Mobile application design. How to achieve the optimal result?
There was written a lot about the design of mobile applications. Nevertheless, there are a lot of nuances in this area. Some are not known to everyone, others are quickly forgotten. In this post, we will try to describe several techniques for working with the mobile app design, which can be called effective and proven.
Ideally, an application for mobile devices should work with the speed of thought. Moreover, the application interface should be understandable even for the beginner.
Rules that always work
There are five main factors that are important in designing the interaction with the application.
- Purposefulness. You create a design for a specific user. Now the web has a lot of data about different categories of users, and many materials - research, reviews - are available for free. Studying this information will help you create an application that fully meets the target audience's needs.
- Usability. Your application should be user-friendly and intuitive. For example, if you want to specify a link to go to a third-party resource, create it in the usual way - using the underlined blue text. Convenience and practicality is the first step on the way to making your program desirable for the user.
- Affordance and symbolism. Affordance is a function. For simplicity, we again use the method with reference. So, the blue underlined text indicates that clicking on it will redirect the user to a certain address. Such symbols should be used so that the user does not reflect on what this or that interface element may mean. Practicality and rationality are our all.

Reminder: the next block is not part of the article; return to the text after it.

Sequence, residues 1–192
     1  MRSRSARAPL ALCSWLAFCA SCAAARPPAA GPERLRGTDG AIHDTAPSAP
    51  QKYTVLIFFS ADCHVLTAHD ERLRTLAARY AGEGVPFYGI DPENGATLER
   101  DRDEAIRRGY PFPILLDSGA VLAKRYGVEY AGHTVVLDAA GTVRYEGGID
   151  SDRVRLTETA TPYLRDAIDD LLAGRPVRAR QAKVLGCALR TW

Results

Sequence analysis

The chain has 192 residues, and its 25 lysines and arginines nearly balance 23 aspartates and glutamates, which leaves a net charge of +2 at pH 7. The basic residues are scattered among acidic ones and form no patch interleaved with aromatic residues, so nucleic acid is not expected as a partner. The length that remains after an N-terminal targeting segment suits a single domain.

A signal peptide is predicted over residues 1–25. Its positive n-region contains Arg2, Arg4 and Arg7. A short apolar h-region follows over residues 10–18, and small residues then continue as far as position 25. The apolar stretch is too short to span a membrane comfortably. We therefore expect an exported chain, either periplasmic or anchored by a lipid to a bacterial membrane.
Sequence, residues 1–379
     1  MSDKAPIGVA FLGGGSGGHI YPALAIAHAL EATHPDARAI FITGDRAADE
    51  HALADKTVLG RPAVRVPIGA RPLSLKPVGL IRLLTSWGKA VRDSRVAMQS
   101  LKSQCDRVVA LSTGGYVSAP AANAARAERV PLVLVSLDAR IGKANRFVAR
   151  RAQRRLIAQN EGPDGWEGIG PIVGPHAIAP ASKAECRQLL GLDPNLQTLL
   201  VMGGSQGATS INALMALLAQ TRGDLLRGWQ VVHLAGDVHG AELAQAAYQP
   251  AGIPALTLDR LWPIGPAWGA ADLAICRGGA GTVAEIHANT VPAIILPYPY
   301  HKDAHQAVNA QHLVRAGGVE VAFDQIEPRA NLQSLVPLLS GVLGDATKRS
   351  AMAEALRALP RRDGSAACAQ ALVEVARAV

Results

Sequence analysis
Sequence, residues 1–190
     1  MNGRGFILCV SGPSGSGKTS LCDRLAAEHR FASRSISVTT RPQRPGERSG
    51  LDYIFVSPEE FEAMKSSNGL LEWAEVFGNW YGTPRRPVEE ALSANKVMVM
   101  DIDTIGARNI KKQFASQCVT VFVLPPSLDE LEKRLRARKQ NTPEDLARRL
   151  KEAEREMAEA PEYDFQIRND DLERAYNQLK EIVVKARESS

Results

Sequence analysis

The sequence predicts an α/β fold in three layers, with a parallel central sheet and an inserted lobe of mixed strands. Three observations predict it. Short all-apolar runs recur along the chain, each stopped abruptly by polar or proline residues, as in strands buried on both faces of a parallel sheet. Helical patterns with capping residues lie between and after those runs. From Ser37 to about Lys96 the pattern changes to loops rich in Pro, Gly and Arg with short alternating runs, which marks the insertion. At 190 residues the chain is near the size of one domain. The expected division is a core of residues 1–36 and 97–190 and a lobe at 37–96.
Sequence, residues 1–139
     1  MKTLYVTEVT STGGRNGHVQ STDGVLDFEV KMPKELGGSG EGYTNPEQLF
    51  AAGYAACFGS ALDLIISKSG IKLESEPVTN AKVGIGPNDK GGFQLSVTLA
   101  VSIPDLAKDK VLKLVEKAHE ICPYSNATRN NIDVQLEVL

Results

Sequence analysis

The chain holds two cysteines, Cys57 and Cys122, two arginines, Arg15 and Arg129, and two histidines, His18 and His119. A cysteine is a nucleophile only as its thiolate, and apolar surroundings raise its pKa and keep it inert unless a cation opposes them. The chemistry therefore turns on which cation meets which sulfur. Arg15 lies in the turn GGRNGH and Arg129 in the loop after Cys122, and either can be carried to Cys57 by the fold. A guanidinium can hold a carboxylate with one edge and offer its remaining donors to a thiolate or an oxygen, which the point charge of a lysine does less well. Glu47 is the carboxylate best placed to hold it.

- Learning. Ideally, the user should easily guess how to work with the program. Here come to the aid of familiar and familiar application design schemes. They should help a person get used to the program without problems.
- Feedback and response time. During mobile development application response, the user should know whether the task is completed or not. This can be a normal audio signal or something more complex - for example, a modal window. Make sure that the application's feedback conforms to the regulations set by the Nielsen Norman Group.
Know your users
The first step in creating a goal-oriented interface is to study your audience. The display size is not the only limitation during mobile application development, whether it's an Android app development or an iPhone app development. Users also form the requirements for the interface and it is necessary to take them into account.
Due to this issue, there is a clear tactic consisting of three provisions: